New smart lights to save City Hall power bills

Mayor Lucilo Bayron of Puerto Princesa City leads the inauguration of the smart lights at the Coliseum on March 5. In this photo, he was assisted in remotely switching on the smart lights that use LED bulbs. (Photo courtesy of the Office of the City Mayor)


The 50 newly-installed smart lights will help the city government save on power bills, Mayor Lucilo Bayron said during the inauguration of the project.

Bayron led the inauguration of the project that is located along Libis and BM roads.

He said the city once owed the Palawan Electric Cooperative (PALECO) P32 million in the electric bill that the power cooperative wanted to be paid in three months.

(L-R) Palawan Governor Jose Alvarez, who was among the guests in the inauguration of the smart lights, Mayor Lucilo Bayron, and Jagan Srinivasan, the country leader of Signify Philippines. (Photo courtesy of the Office of the City Mayor)

“From then on I am already looking for ways on how to light up the entire city. We have to look for a prestigious company who will not run away from its obligation,” Bayron said on March 5 during the inauguration.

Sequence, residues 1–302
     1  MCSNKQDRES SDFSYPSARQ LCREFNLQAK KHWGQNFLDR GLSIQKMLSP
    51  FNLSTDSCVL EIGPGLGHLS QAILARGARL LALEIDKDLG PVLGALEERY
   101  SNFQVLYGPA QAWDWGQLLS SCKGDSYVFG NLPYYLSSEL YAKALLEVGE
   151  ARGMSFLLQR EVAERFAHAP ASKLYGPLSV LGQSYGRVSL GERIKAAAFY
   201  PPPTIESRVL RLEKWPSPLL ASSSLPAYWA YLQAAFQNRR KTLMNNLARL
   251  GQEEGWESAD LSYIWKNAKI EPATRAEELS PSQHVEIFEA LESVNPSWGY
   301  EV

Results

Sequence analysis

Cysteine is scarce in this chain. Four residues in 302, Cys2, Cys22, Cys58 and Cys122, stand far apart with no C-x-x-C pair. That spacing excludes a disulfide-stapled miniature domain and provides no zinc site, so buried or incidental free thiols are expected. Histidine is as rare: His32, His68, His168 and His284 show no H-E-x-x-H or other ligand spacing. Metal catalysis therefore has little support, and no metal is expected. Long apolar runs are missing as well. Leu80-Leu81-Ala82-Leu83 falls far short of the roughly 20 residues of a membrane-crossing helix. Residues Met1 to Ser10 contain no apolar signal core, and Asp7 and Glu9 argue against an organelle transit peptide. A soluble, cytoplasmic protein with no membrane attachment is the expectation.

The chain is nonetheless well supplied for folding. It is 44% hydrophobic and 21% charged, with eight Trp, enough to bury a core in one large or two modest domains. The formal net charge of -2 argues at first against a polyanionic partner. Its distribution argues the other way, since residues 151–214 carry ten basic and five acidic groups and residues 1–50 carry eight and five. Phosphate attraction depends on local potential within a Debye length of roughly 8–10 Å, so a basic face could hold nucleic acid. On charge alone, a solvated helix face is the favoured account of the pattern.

It was when the city government decided to shift to using light emitting diode (LED) bulbs from the existing ordinary lights along Rizal Avenue that there was a “dramatic decrease” in the city’s electric bill, Bayron said.

Records of the City Engineering Office (CEO) showed that the project is worth P99,864,000 and sourced from the 20 percent development fund of 2018.

The contractor of the urban street lighting project is the Manila Electric Company (MERALCO) and the Signify Philippines formerly the Philips Lighting.

A total of 688 LED Smart bulbs will be installed by Signify Philippines for this project, Bayron said.

Jagan Srinivasan, the country leader of Signify Philippines told Palawan News that their system will allow the controller to remotely access every single light bulb using a computer.

Srinivasan also said the LED bulbs have a life span of 50,000 hours.

“The engineer is going to have that monitored in his laptop. He will know exactly how many hours that streetlight has been burning,” he said.

Srinivasan also said that the smart light has built-in artificial intelligence that could remotely adapt to the city’s level of darkness and activity and adjust its brightness depending upon the need.

This will reduce the power bills when the lights dim by 25 percent late at night when streets are already empty, he said.

This material may not be published, broadcast, rewritten, or redistributed. © Copyright 2018 - Qubes Publication and Ads Promotion. All rights reserved.

You may also like...